In May and June 2015, we asked members of the public to contribute to a map of treasured places and spaces in Walthamstow.   We are in gratitude to all who took part and sent us stories about why they were special to them; many were heartfelt and very personal anecdotes.

This is the final online map of places and abbreviated stories.

We produced a booklet of the stories received.  This can be downloaded here.

The spaces and places had to be publicly accessible and not a dwelling; somewhere very small, or very big, somewhere well or little known.  It might be a pub, a park bench or the park, a community centre, a table in a cafe, an allotment or a museum.

We physically tagged the places as part of the E17 Art Trail and printed a limited edition map for those who contributed.  Please see the Where in Wally Twitter feed for a view of the project.

Bill Foster of the Walthamstow diary blog wrote a very nice review of the project.  (Thanks Bill!)

Where in Wally..? was part of the 2015 E17 Art Trail and London Festival of Architecture, and was generously supported by the Royal Institute of British Architects, via RIBA London.

A bit of background to Where in Wally

Our ambition was to investigate what community assets might be (in the broadest sense), to the residents of Walthamstow.  The Localism Act 2012 sets out how Assets of Community Value – ACV’s (of a more restricted definition) can be listed with local authorities, through a nomination process.  At the time of the project there were only two assets listed in Waltham Forest, and both of these were in Leytonstone; The Heathcote Pub (listed November 2014) and Lord Rockwood Pub (listed January 2015).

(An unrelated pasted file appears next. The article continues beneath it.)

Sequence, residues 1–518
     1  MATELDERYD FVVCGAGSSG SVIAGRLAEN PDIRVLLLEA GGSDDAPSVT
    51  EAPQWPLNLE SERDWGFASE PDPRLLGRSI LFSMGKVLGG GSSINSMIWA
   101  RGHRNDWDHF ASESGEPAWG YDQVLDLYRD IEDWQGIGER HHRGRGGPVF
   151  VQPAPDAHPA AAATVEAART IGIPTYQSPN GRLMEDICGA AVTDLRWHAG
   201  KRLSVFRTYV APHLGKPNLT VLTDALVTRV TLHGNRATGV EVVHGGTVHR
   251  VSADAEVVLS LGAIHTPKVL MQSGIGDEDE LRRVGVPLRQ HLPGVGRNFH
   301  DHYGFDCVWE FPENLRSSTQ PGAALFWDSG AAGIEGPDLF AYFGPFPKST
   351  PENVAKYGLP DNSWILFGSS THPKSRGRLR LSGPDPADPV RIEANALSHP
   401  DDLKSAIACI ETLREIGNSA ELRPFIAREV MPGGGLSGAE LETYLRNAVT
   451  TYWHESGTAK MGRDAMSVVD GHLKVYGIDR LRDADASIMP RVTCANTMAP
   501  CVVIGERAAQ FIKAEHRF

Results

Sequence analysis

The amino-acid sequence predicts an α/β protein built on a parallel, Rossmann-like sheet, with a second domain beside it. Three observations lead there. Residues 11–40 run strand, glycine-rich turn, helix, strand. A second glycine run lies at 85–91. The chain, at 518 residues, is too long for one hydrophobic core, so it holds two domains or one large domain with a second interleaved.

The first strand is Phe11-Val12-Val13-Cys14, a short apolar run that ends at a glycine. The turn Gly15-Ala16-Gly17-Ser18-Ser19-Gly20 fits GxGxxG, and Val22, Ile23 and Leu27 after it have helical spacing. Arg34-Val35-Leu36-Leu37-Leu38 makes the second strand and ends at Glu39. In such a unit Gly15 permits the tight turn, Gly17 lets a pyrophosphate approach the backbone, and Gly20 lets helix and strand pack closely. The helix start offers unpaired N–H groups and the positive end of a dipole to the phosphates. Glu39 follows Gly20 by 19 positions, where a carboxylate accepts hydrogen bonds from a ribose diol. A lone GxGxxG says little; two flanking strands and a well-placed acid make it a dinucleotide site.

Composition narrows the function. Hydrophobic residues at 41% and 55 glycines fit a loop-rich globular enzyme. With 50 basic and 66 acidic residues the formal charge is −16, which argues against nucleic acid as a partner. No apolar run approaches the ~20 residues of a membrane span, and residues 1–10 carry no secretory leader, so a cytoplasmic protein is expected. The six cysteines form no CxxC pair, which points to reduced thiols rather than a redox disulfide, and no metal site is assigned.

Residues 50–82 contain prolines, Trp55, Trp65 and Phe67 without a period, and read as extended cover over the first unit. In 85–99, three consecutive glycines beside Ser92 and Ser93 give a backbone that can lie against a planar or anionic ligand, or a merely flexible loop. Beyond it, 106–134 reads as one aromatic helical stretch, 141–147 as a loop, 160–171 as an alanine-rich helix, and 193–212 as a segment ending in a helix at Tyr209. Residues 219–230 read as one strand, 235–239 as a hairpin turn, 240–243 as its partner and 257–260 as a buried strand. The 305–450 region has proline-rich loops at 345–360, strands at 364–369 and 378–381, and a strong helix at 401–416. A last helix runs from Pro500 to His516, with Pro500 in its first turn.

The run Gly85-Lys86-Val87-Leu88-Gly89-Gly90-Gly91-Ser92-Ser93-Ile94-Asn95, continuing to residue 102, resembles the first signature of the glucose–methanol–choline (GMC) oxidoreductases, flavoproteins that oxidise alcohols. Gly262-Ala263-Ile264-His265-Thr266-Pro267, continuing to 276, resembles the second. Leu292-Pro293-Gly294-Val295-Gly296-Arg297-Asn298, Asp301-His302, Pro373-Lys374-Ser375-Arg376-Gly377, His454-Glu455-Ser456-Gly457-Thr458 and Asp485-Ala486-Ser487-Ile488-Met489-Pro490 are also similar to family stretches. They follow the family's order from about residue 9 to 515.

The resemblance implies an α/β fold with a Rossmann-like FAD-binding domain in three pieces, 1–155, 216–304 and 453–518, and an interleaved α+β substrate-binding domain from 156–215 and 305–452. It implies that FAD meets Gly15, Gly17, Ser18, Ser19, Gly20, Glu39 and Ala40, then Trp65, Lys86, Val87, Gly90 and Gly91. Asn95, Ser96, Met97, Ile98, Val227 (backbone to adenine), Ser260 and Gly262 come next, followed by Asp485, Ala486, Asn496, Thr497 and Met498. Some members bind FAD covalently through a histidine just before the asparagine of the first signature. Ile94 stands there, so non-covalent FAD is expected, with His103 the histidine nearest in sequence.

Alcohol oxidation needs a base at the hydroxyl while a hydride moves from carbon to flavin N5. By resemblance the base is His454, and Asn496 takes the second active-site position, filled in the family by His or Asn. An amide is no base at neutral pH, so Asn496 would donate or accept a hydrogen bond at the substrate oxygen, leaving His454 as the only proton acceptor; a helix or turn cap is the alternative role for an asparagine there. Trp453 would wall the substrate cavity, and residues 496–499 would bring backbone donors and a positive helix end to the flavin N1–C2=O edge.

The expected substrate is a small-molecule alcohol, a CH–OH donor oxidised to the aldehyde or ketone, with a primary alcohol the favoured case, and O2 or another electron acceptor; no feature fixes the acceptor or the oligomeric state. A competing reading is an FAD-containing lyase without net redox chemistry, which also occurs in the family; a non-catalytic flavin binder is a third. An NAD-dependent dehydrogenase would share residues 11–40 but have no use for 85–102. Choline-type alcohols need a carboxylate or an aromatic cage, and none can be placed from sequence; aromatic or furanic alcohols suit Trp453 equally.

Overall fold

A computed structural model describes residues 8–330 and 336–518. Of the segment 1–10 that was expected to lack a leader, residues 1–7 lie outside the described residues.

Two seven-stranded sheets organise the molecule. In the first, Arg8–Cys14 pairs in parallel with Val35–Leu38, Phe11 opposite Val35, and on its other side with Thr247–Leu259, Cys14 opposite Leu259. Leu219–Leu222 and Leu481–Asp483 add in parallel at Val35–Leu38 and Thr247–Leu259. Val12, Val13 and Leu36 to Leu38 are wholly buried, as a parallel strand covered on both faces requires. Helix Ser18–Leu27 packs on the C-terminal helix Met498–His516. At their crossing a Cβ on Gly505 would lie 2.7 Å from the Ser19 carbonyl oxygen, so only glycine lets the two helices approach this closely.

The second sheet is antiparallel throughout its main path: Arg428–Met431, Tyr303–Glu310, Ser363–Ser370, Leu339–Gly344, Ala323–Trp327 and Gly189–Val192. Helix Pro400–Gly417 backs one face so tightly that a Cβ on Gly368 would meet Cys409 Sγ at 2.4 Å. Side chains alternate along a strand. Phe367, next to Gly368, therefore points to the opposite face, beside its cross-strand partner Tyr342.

A Brief AE17 Guide to Assets of Community Value

  • An ACV can be a building or land, including parks and other open spaces. Categories of assets that are excluded include:  A building wholly used as a residence, together with land “connected with” that residence. (Land is treated as adjoining if it is separated only by a road, railway, river or canal.), a caravan site, operational land. (generally land belonging to the former utilities and other statutory operators).
  • Individuals cannot nominate ACVs. Unincorporated bodies can nominate but their application must be signed by 21 members who are listed on the electoral role for the Borough or neighbouring Boroughs.
  • On receipt of a nomination for ACV status the Local Authority has eight weeks to make a judgement on whether the asset should be listed.
  • If the nomination is approved an asset is registered for 5 years. During this period local groups will be given time to come up with a bid for the asset when it is sold.
  • The scheme does not give first refusal to the community group, unlike the equivalent scheme in Scotland; and it is not a community right to buy the asset, just to bid. This means that the local community bid may not be the successful one.

7 thoughts on “Wally

  1. Jasmine

    we are a UMD research team, asking for copyright permission of using the screenshot image of “Wally” page in our non-commercial academic paper. Let me if it is allowed. Thank you so much.


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